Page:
18. Do not over-improve or under-improve a property: Rehabbing a property, whether it is a rental unit or you plan to flip the home, requires just the right level of improvements. If anything, Mike and I tend to over-improve our properties. While much of this comes with experience, it is important to assess whether the improvements will (1) increase the sales price or rent, (2) decrease the time it takes to rent or sell the property, or (3) reduce future maintenance costs. If the improvement does not satisfy at least one of those three criteria, ask yourself why you are making the improvement.
  19. Expect foreclosures to need new HVAC and a water heater: Time and again we buy a foreclosure thinking the HVAC and water heater look fine. Two months after our first tenants move in, the air conditioner goes. It’s happened repeatedly, to the point where we just expect to replace everything. If it turns out we don’t have to, we view it as a bonus. Foreclosures often sit unoccupied for months, and for whatever reason, this seems to take a toll on the mechanicals.
  20. Understand 1031 exchanges: Tax-deferred exchanges offer a great opportunity to shelter profits from the taxman. But like everything else related to our beloved tax code, it can be a bit convoluted. As with depreciation, it is important to at least understand the basics of 1031 exchanges, particularly when you are planning to sell a property.

If you have more real estate investing tips, please leave a comment with your idea.

{ 11 comments… add one }

  • ConnieBrz September 7, 2008, 9:45 pm

    Excellent points. Although I’ve found that, no matter how long the lease, tenants tend to move whenever they want. We do a one year that automatically converts to month-to-month.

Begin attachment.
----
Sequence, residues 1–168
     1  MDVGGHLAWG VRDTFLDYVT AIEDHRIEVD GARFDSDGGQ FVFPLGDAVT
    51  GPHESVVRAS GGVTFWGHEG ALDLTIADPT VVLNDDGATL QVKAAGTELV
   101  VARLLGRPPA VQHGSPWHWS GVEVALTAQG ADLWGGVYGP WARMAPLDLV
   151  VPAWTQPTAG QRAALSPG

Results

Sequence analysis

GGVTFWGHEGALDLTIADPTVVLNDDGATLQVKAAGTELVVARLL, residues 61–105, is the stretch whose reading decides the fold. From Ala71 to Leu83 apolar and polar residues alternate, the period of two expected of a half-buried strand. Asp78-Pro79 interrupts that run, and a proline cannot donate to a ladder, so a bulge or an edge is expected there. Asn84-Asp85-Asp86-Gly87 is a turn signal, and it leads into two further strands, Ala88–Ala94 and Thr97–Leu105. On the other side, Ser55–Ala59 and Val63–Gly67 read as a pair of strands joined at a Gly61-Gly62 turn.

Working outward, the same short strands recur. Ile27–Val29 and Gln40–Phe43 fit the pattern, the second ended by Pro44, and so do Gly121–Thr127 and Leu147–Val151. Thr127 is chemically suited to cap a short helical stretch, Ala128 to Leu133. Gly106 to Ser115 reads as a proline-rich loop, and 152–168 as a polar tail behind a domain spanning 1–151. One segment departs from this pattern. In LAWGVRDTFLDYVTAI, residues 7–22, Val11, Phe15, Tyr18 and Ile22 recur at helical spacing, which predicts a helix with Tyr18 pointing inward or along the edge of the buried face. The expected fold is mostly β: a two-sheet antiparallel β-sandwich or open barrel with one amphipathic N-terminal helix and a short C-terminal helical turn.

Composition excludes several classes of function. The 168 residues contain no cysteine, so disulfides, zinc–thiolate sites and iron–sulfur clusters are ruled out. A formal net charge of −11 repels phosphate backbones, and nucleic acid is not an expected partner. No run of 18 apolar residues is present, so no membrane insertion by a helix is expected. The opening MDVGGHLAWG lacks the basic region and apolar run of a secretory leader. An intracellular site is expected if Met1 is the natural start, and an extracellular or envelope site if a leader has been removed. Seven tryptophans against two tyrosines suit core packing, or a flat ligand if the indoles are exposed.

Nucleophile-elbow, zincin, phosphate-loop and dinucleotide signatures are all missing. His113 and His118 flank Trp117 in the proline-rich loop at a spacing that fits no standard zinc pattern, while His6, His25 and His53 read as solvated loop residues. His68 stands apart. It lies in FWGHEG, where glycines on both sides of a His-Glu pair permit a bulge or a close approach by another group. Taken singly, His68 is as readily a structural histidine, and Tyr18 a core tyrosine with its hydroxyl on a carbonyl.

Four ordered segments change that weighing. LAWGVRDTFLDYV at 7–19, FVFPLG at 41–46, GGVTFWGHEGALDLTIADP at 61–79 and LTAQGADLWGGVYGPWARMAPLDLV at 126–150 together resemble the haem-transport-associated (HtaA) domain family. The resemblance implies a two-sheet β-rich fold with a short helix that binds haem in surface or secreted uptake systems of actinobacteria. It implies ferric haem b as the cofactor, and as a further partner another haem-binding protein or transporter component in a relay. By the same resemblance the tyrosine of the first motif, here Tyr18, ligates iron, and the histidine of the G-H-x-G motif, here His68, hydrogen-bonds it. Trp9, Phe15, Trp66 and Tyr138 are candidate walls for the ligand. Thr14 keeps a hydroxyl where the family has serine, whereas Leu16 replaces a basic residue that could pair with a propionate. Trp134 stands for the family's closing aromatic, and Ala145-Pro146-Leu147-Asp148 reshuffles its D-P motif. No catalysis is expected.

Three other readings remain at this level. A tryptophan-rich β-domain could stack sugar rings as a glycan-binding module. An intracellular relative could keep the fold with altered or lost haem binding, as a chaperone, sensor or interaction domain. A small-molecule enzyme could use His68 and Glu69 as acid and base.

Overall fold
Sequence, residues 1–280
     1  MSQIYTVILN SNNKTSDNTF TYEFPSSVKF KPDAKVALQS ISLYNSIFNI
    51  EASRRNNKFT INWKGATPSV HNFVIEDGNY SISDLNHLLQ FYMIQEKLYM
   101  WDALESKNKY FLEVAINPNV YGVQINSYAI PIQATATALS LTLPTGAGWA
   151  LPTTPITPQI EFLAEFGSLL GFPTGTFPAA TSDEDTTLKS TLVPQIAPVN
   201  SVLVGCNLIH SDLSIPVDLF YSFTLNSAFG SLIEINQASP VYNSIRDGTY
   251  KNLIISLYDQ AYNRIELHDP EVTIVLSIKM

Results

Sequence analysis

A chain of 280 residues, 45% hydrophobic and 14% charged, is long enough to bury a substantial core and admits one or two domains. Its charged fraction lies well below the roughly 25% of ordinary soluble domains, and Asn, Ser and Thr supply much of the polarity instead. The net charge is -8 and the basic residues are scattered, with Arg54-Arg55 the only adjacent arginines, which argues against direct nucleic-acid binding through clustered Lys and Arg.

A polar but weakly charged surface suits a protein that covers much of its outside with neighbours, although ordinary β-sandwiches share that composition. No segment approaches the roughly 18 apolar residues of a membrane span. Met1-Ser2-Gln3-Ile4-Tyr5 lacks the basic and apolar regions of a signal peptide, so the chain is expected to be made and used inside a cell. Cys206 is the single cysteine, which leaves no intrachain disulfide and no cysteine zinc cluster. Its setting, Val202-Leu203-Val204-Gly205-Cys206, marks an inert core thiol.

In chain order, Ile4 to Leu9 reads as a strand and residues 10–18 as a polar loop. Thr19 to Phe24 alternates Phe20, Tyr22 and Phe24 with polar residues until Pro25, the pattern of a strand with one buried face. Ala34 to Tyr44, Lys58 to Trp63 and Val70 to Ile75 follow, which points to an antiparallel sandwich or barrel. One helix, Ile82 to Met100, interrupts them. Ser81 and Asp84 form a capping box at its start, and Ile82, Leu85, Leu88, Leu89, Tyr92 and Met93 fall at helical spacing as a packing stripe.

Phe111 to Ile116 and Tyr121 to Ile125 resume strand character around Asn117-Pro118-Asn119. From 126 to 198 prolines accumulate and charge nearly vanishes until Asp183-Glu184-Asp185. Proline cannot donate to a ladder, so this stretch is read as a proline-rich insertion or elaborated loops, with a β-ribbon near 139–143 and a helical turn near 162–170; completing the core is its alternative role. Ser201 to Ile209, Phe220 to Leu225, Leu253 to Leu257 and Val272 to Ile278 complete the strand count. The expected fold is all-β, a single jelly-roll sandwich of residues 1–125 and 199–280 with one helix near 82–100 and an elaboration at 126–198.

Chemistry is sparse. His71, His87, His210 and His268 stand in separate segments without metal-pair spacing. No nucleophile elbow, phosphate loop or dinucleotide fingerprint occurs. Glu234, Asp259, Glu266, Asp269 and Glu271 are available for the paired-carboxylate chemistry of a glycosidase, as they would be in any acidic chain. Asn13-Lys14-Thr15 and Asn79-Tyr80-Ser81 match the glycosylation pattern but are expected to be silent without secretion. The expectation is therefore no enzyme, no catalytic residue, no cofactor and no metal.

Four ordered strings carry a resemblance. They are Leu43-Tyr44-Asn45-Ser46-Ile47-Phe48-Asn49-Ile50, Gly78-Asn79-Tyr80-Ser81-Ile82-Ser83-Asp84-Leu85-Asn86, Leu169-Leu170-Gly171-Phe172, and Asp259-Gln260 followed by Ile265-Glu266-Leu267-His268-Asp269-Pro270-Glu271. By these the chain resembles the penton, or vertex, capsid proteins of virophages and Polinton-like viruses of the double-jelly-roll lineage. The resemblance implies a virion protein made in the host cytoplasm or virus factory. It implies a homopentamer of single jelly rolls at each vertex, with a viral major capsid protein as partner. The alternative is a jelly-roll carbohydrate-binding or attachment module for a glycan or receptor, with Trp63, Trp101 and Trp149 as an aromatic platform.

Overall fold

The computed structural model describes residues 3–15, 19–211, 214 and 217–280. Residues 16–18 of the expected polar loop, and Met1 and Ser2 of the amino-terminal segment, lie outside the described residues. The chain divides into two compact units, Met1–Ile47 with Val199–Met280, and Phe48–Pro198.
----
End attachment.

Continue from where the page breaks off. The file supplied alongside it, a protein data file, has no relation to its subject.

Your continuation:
(Running off to include that automatic escalation clause… :) )

  • The Grandmaster of Marketing September 8, 2008, 1:35 am

    Thats a great point on the HVAC. I will include it from now on.

    http://www.marketingsecretsforrealestateinvestors.com

  • Joshua Dorkin @ BiggerPockets September 11, 2008, 12:01 pm

    Its nice seeing Connie here! Hey Connie!

    Guys – Fantastic post. I think #3 would be the most important one for landlords from my experience. I’ve made a million mistakes as a landlord, and vacancies always kicked my behind. Once you learn how to keep a property filled, provided you paid a good price for the deal, everything else should work out fairly well.

    I guess you could add keeping the property in great shape as another important thing to consider . . . once minor issues are ignored, they tend to become major ones, and that is NEVER fun!

    BTW – I wonder if you’d allow us to reprint this for our article directory? I already promoted it on BiggerPockets Bulletin.

  • ConnieBrz September 11, 2008, 6:57 pm

    Hey Josh~!

    And since he’s here, I’m changing my vote and going with #3 because I always copy Josh.

    (We *were* voting… right?)

  • Joshua Dorkin @ BiggerPockets September 11, 2008, 7:37 pm

    I like how you roll, Connie!

  • Anthony September 11, 2008, 11:39 pm

    Great post. I found it vis a vis Josh’s Bigger Pockets Forum. It will
    be bookmarked.

    Anthony E. Russell

  • Anthony September 11, 2008, 11:41 pm

    I just bookmarked the entire site! It will go right next to the BiggerPockets link.

    Anthony

  • Rob September 13, 2008, 8:12 am

    You guys crack me up! We’ve been very fortunate so far to keep our properties occupied with paying tenants. All the credit there goes to Mike, but please don’t tell him I said so.

  • Shawn November 8, 2008, 11:41 pm

    I’m new so tips like these helps me keep my head on straight. Finding a mentor seems to be what I need to do.

    http://www.inexpensiveinvestinginflorida.com

    Thanks

  • Rob November 25, 2008, 6:40 am

    This article was featured in the 180th edition of the carnival of personal finance: http://www.livingalmostlarge.com/2008/11/24/180th-carnival-of-personal-finance/

  • Erica December 11, 2008, 2:19 pm

    Thanks for your submission to my 1031 exchange carnival. All of your tips are great. Point #20 is near and dear to my heart. There is truly no substitute for good tax planning.